• Clean act

    Governments and companies are stepping up to ensure the supply of safe, potable water

    Clean act

    While it certainly has large areas of lush greenery, Southern Africa unfortunately also has large regions that are very dry. Add in the fact that rain has been pretty scarce in recent years, topped off with a pandemic, and you have a water-accessibility problem that is severely compounded, making water, sanitation and hygiene (WASH) infinitely more challenging. It’s well known that South Africa is a water-scarce country – ranking 30th driest in the world, according to its Department of Water and Sanitation (DWS). The government’s 2018 National Water and Sanitation Master Plan identified a water-supply deficit of 17% by 2030, also acknowledging that just 64% of households had safe, reliable access to water.

    While South Africa has made substantial progress in the provision of safe drinking water and sanitation services over the past 25 years, it is not yet enough. Kevin Winter, of the University of Cape Town’s (UCT) Future Water Institute in the department of environmental and geographical science, said earlier this year that South Africa is unlikely to achieve the UN Sustainable Development Goal (SDG) for water by 2030.

    ‘The final report to the UN is more likely to take the form of a rain check, claiming that the pandemic has interrupted the agenda for addressing the SDGs. South Africa will not be the only country making such a plea. However, access to and availability of water is crucial for the country to press on with its developmental agenda by using the SDGs to complement the National Development Plan and to use the opportunity as an international benchmark,’ Winter writes in a press release issued by the university. ‘What is required is a substantial investment in new water-supply infrastructure; a concerted effort to reduce water loss – currently an average of 37%; and an investment in innovations that aim to reduce, recycle and reuse water without harming the receiving waters, including the oceans.’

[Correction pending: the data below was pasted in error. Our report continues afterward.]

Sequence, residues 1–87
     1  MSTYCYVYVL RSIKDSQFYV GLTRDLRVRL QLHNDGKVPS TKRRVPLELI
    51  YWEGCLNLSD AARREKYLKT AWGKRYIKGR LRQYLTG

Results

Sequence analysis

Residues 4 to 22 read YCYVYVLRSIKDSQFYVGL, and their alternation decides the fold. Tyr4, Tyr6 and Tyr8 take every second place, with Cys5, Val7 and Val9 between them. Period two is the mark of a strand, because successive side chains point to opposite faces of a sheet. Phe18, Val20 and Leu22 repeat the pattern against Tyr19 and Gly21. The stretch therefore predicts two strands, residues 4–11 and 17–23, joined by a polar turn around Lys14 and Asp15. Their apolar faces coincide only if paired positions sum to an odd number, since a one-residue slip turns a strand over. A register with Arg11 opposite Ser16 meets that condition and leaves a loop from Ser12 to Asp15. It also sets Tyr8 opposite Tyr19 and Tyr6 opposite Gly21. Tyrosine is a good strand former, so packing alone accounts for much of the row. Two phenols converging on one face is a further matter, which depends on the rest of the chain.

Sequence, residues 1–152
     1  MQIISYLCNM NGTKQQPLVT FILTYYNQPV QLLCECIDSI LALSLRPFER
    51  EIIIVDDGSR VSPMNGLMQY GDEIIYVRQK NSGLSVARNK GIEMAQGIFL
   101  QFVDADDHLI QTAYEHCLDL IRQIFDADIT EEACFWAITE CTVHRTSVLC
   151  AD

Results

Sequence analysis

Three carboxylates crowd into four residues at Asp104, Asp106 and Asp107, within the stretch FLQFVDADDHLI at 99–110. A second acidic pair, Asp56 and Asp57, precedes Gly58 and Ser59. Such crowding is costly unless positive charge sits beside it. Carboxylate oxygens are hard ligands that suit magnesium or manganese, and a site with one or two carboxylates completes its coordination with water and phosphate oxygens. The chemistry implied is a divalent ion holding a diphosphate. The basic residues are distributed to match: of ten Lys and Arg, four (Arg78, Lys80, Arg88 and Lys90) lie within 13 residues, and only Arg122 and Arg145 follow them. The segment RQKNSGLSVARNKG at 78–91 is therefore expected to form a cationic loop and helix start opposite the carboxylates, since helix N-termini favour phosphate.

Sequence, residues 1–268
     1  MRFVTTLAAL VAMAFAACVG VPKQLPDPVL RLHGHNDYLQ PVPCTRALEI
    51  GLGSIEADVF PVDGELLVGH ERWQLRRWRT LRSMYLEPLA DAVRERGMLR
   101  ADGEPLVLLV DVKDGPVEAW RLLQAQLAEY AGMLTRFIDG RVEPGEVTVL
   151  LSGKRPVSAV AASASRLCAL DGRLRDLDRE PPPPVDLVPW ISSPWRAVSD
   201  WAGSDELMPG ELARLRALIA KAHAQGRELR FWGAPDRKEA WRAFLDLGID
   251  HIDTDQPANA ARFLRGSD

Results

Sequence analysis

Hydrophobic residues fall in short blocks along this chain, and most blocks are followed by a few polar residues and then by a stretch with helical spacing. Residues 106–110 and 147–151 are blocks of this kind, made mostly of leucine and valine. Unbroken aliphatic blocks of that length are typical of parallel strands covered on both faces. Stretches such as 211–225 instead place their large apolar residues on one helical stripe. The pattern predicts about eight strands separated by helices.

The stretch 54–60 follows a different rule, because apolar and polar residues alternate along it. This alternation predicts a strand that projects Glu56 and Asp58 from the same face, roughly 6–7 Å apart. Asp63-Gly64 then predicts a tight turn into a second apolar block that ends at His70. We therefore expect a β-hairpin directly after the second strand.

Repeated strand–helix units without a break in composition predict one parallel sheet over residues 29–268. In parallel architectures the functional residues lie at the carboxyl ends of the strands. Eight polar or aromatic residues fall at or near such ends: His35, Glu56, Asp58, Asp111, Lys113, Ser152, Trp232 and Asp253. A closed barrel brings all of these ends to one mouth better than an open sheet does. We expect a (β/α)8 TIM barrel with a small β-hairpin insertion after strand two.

First prize, according to Chris Braybrooke, (and one with the quickest impact) would be addressing non-revenue water losses, which wouldn’t require additional infrastructure, only maintenance programmes. Braybrooke is the GM of marketing (South Africa) at Veolia Services Southern Africa, a company that is involved in numerous municipal projects related to bulk water supply as well as waste-water treatment plants.

    ‘Water re-use is vital,’ he adds, citing Durban Water Recycling in KwaZulu-Natal, which supplies recycled wastewater to industrial and domestic consumers, as an example. ‘No investment [was] required by eThekwini [municipality] to free up to 47 million litres of water for nearly 220 000 households,’ he says. 

    Statistics South Africa, reporting on the results of the 2019 General Household survey, notes that the percentage of households with access to an improved source of water was 88.2%. The changes from 2002 figures were more notable in the Eastern Cape (up 17.8%) and KwaZulu-Natal (up 10%). Drilling deeper into the results reveals that 44.9% of households had access to piped water in their dwellings in 2019; 28.5% accessed water on-site; 12.2% relied on communal taps, and 2.5% relied on neighbours’ taps. However, 3.1% of households were still collecting water from rivers, streams, dams, wells and springs.

    Human Settlements, Water and Sanitation Minister Lindiwe Sisulu says the COVID-19 pandemic has highlighted the challenges of water and sanitation access in South Africa. Speaking earlier this year, she said the launch of the National Water and Sanitation Master Plan is an important part of ensuring that everyone in the country has access to water. ‘We regard our master plan as a transformation charter for the water and sanitation sector,’ she said. 

    ‘Large sections of our people in the rural areas go without water for weeks, further entrenching the divide between those who have had, those who have and those who continue to wait.’ Sisulu added that the creation of a National Water Infrastructure Agency will sustain and improve the performance of all strategically important water-supply systems in regions where water security is at increasing risk, and noted that this agency would work jointly with municipalities, water boards, financial and mining institutions, and the agricultural community.

    The COVID-19 outbreak was certainly something nobody saw coming. In April 2020, the Presidency announced a ZAR500 billion budget laying out South Africa’s economic and social response to the pandemic, of which ZAR20 billion was made available to municipalities for the provision of emergency water supply, increased sanitisation of public transport and facilities, and food and shelter for the homeless.